James Taranto explains:
“American boys often said sex could end their life as they knew it. After a condom broke, one worried: ‘I could be screwed for the rest of my life.’ Another boy said he did not want to have sex yet for fear of becoming a father before his time.”
Schalet’s most interesting assertion is that “the American boys I interviewed seemed more nervous about the consequences of sex than American girls.”
Given that nature imposes the physical burden of pregnancy on the female of the species, that sounds counterintuitive. And it’s possible that some of the boys in the survey, mindful of what Schalet quotes another sociologist as calling “the stigma of virginity,” are rationalizing away their lack of success with girls by chalking it up to prudence.
At the same time, there is good reason for males (men as well as boys) to be more fearful of sex than females. Contemporary reproductive technology and law place all the burden for unwanted pregnancy on them. Between the pill and abortion, women have complete control over the reproductive process. They can avoid or end any unwanted pregnancy, and the man involved has no say in the matter. In Planned Parenthood v. Casey (1992), the U.S. Supreme Court went so far as to hold that a married woman has the constitutional right to abort her husband’s child without even telling him.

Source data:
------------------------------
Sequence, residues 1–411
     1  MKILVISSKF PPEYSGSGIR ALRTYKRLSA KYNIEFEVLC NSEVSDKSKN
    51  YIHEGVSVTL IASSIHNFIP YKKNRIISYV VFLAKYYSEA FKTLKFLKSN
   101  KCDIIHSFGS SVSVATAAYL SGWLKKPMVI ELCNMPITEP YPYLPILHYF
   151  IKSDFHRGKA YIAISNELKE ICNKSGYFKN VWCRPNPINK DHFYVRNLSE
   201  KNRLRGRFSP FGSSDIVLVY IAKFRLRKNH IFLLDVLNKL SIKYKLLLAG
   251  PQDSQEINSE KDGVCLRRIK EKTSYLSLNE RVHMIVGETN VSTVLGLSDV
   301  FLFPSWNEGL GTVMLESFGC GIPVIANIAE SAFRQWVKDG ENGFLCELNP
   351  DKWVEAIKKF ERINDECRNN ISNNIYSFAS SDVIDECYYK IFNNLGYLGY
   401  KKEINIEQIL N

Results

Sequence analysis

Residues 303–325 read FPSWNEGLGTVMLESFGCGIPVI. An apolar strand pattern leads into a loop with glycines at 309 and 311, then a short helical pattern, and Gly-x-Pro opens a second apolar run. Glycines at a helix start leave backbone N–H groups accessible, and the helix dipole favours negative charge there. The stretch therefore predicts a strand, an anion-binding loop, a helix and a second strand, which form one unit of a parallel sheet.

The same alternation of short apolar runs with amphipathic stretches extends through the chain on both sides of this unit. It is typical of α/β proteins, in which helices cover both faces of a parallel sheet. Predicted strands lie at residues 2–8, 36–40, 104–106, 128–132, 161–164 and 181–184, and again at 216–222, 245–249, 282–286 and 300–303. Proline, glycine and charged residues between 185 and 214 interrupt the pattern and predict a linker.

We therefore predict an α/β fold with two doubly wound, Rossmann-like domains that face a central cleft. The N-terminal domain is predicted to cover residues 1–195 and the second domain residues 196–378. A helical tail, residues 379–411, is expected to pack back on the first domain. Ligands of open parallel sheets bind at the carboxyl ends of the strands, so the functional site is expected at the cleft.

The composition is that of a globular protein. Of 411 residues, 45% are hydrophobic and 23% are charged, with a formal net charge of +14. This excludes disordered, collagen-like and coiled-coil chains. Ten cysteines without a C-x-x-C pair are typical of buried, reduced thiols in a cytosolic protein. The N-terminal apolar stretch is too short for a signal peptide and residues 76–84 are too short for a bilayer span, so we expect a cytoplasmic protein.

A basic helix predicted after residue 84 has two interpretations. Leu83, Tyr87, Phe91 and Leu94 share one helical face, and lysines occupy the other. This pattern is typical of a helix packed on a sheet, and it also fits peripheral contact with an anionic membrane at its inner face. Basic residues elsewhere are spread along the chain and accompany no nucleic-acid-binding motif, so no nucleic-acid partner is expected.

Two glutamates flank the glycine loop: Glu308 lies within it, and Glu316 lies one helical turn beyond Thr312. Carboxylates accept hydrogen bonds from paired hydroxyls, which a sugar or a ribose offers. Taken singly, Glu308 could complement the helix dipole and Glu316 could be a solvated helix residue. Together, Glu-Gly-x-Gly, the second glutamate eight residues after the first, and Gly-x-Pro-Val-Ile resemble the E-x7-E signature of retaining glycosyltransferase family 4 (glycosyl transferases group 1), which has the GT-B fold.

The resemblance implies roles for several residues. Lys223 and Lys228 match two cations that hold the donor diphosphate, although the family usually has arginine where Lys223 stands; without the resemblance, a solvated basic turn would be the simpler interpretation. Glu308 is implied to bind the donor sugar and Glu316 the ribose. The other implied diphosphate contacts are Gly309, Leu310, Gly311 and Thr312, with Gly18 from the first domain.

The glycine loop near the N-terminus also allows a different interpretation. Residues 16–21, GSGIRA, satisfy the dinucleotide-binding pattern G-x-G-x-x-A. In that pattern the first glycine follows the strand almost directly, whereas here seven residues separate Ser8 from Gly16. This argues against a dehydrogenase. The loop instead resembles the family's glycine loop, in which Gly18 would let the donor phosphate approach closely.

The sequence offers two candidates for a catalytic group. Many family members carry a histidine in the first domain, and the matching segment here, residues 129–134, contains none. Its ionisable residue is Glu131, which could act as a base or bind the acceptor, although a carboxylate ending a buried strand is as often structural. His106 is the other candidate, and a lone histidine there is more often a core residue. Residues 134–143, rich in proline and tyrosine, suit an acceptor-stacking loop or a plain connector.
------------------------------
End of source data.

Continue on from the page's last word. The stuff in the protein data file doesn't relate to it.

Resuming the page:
A woman’s “reproductive rights” also include the right to carry a pregnancy to term. The crucial point here is that while the decision belongs entirely to her, in the event that a child is born the law assigns financial responsibility to the male involved. That is what the boy in her study means when he worries about being “screwed for the rest of my life.” Short of sterilization, the only way for a male to be sure of avoiding this fate is to abstain from sex.
Our surmise is that the “decent single men” are missing because Schalet’s “romantic” boys do not overcome their fear of sex, a fear whose rational basis is no less powerful after the age of majority.